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  • Reimagining Communities as Sustainable Means to a More Environmentally and Socially Just World
  • Carlrey Arroyo (bio)

My addition to the round table comes from my involvement in activism both inside and outside the classroom on social and environmental issues. I have learned to maneuver spaces such as the hard sciences and humanities but also those of the academic ivory tower and the larger communities that I am a part of. I also want to acknowledge my undergrad experience as a queer person of color in an "ecogroovy" institution that is mainly white and middle-class. My analysis stems from my environmental studies lens and also from similar experiences I have shared with many other students of color and activists whom I have organized with and worked alongside on the Humboldt State University campus and in the greater Humboldt community and California statewide student coalitions.

My first exposure to the study of climate change was in sixth grade. I felt hopeless and instantaneously blamed humanity for the destruction of the planet. At the end of the year, my teacher gifted me a book called Guide to Fight Global Warming, which included solutions to climate change such as taking shorter showers, changing light bulbs, and going vegetarian. I held on to that book closely, and soon after, I engaged in animal-rights activism. I held on to the ideology that everything that was both nonhuman and "natural" was to be protected from humans. This separation of people and nature has become the mainstream environmental [End Page 21] movement's rhetoric, promoting solutions that individualize action rather than pushing toward systemic structural shifts that have larger impacts. I now understand and believe that climate change activism should be just as human centered and intersectional as nature centered, as there is a cosmic relationship between humans and the rest of nature.

A justice-oriented pedagogy within the environmental fields looks at who and what communities are being the most impacted by the same systems that are causing environmental collapse. We can begin by expanding the definition of the environment to force the dominant "environmental" discourses to look at human conditions and engage with political systems at play. As a historically underrepresented student, I can speak to the frustrations of sitting in an environmental course where the professor and surrounding students have more empathy for a tree than they do for Black and brown children being poisoned, imprisoned, and murdered on the street by the same state that upholds environmental degradation.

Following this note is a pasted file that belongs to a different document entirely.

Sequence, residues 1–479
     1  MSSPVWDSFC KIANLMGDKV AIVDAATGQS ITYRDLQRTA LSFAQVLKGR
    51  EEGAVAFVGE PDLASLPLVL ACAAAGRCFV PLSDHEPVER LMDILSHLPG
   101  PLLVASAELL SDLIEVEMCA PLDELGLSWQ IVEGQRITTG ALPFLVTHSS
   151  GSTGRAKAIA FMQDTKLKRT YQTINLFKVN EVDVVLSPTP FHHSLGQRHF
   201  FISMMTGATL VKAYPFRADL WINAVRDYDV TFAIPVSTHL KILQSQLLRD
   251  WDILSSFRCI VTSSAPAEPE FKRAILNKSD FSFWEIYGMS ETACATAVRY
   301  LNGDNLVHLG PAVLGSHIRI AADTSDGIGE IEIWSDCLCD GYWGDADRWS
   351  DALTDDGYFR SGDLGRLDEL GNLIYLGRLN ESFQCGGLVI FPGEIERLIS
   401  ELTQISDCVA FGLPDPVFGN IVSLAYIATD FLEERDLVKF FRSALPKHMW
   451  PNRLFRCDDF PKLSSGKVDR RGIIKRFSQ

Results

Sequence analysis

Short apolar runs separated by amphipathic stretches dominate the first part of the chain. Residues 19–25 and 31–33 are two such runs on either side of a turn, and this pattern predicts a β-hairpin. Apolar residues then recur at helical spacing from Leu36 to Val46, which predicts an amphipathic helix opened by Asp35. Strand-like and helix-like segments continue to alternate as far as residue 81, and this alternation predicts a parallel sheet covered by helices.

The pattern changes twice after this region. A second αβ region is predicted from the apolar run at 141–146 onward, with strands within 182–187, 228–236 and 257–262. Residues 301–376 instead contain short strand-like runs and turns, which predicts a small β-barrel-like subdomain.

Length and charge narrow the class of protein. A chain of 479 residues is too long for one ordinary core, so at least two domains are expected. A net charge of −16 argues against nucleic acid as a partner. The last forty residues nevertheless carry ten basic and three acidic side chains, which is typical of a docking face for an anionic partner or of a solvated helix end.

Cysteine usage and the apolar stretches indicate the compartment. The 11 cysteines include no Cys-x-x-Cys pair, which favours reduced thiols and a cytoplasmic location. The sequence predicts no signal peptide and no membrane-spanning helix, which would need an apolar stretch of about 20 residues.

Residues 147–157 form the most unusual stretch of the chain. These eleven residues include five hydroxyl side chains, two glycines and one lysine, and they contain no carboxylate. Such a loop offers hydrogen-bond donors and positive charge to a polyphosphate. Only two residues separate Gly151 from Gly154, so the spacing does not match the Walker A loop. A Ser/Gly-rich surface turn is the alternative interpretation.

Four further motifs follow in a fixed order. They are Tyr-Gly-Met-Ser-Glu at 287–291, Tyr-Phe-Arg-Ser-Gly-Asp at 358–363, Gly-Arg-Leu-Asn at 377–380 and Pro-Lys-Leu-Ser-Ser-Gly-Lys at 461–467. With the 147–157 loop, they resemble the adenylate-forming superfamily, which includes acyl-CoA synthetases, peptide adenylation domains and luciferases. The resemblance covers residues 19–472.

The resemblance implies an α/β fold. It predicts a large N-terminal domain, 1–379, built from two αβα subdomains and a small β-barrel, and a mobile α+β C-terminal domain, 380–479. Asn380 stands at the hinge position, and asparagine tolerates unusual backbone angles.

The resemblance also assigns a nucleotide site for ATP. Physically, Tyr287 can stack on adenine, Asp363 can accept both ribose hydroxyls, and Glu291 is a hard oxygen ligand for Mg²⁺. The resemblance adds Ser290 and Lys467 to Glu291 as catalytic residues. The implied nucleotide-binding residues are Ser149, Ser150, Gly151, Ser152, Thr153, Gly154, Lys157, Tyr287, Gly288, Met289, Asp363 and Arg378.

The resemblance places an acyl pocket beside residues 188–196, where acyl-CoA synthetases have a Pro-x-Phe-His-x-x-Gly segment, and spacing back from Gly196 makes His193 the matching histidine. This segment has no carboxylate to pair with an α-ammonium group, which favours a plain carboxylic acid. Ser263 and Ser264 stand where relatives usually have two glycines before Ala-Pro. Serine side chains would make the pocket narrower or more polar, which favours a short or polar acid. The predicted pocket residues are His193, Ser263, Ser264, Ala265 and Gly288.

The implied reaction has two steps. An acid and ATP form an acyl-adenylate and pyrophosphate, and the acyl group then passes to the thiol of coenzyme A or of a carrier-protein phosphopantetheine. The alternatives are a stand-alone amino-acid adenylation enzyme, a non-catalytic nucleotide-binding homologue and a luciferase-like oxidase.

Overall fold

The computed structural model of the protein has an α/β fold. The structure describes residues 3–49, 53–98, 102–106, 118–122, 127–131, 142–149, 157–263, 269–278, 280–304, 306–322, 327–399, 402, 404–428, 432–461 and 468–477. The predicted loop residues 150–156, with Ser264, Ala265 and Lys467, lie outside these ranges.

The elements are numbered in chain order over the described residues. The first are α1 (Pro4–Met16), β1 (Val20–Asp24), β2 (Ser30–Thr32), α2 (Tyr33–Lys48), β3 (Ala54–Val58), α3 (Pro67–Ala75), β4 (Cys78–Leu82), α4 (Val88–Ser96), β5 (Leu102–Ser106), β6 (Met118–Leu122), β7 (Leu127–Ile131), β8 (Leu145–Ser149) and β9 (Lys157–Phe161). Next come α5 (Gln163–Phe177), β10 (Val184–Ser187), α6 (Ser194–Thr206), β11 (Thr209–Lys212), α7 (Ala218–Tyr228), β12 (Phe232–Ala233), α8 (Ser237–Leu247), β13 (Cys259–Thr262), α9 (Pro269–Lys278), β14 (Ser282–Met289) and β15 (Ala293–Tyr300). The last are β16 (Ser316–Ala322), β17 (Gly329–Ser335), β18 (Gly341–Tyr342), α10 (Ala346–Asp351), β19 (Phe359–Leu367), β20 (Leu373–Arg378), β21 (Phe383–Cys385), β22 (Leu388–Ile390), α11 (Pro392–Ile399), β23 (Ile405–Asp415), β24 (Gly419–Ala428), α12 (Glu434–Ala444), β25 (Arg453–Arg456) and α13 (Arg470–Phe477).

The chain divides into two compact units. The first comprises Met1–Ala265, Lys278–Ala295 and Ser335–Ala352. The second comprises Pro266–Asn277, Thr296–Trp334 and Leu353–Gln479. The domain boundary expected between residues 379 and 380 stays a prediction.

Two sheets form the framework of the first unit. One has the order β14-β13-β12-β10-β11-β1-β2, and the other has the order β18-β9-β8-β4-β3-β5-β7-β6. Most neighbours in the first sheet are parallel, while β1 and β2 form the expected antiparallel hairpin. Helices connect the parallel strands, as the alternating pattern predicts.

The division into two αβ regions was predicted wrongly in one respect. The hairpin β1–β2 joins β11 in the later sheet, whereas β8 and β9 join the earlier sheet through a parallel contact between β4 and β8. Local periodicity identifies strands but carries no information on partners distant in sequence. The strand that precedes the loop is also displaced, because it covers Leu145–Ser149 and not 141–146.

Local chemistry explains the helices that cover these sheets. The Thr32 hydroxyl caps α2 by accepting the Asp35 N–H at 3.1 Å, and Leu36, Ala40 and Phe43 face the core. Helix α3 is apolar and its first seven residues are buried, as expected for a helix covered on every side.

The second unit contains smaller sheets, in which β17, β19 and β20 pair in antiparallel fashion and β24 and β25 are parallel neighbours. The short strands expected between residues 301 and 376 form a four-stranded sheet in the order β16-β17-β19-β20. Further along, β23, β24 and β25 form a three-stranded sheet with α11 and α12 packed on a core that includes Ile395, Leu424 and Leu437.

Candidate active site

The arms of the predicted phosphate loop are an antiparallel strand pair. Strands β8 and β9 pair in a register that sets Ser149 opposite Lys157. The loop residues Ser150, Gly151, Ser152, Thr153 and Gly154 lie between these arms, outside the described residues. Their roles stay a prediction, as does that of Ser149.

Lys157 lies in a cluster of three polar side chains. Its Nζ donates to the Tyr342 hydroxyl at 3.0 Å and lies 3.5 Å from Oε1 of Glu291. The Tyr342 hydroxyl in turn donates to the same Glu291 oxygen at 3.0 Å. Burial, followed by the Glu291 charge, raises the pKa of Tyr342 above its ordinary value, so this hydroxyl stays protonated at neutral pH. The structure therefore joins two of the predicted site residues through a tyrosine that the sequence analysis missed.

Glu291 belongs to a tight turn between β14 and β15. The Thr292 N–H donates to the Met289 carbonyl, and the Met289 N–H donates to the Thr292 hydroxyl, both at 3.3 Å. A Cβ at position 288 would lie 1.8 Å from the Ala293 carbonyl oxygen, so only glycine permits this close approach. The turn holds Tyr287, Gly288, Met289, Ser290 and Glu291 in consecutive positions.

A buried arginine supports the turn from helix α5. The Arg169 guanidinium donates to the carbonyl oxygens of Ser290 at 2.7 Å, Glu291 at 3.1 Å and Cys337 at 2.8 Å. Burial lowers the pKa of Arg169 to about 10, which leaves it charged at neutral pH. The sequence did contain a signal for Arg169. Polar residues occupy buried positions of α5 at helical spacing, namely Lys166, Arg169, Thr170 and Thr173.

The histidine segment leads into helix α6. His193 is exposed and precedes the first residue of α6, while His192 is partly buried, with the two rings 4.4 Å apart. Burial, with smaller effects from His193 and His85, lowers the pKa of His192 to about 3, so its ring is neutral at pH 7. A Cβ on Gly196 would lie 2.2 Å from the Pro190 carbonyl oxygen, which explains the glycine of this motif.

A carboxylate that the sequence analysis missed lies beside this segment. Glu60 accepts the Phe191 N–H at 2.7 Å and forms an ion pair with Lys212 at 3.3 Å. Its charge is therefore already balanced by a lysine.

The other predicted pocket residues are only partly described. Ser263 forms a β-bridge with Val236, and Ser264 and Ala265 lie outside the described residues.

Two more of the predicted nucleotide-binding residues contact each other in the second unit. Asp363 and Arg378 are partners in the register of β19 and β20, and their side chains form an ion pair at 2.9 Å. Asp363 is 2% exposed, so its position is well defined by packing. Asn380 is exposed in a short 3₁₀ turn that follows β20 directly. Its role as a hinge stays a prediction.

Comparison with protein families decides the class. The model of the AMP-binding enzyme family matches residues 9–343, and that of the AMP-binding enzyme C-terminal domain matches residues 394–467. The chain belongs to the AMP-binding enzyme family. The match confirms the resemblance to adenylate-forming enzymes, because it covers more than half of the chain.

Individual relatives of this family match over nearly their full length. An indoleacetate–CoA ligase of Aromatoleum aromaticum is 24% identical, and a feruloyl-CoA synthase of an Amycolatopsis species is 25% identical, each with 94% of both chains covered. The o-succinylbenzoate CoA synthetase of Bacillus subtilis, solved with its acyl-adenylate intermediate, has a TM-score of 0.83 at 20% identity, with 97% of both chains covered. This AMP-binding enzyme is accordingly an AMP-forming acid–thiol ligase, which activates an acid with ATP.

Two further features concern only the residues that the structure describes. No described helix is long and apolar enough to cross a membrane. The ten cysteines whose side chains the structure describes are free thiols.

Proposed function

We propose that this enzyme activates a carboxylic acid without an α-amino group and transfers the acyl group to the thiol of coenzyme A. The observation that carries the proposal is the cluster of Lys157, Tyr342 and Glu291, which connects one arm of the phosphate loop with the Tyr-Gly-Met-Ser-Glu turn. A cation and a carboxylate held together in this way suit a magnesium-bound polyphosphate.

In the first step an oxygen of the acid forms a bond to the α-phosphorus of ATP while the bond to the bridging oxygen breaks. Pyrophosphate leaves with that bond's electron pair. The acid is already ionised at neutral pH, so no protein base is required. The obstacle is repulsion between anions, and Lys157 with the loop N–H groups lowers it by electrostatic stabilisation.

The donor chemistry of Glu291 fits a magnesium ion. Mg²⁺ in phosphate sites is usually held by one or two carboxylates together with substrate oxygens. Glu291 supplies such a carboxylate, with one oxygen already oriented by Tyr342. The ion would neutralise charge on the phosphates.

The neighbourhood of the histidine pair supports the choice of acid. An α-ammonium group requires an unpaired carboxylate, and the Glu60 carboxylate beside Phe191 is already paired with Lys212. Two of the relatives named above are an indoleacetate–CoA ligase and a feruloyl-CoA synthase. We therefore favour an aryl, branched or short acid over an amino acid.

It is no longer enough for environmentalists just to know the science or how to analyze literature. There needs to be an understanding of existing policy, but in my opinion, there is also a need to learn community engagement as a means to fighting climate change. Within academia, this means having more interdisciplinary curricula, with an intersectional analysis not only in the humanities but in the sciences. This includes looking critically at who has historically been championed as environmentalist and at what we currently value as environmental commentary.

The erasure of Black, Indigenous, and people of color (BIPOC) within the environmental movement is a problem. Ways to implement these narratives within curricula can include poetry and music such as Indigenous hip hop. It also means restructuring power dynamics within the classroom as more students with diverse backgrounds enter higher institutions and challenge traditional white, middle-class, male environmentalism. BIPOC continue to get pushed out of environmental sciences by tenured white faculty unwilling to diversify their teachings. The voices of BIPOC have always been there; it is now time to listen.

Over the course of my studies, the facade that individual consumer choices were going to reverse climate change shattered in front of me. I became empowered to engage in community-based work, understanding [End Page 22] that we need to dismantle the structures causing climate change, for the next generation. Learning about what is causing an injustice that has a direct impact on you and your community feels as though there is little time and need to theorize on the issue itself. I understand that the study of theory is essential in action, but professors teaching these issues need to understand students' need to...


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pp. 21-25
Launched on MUSE
Open Access
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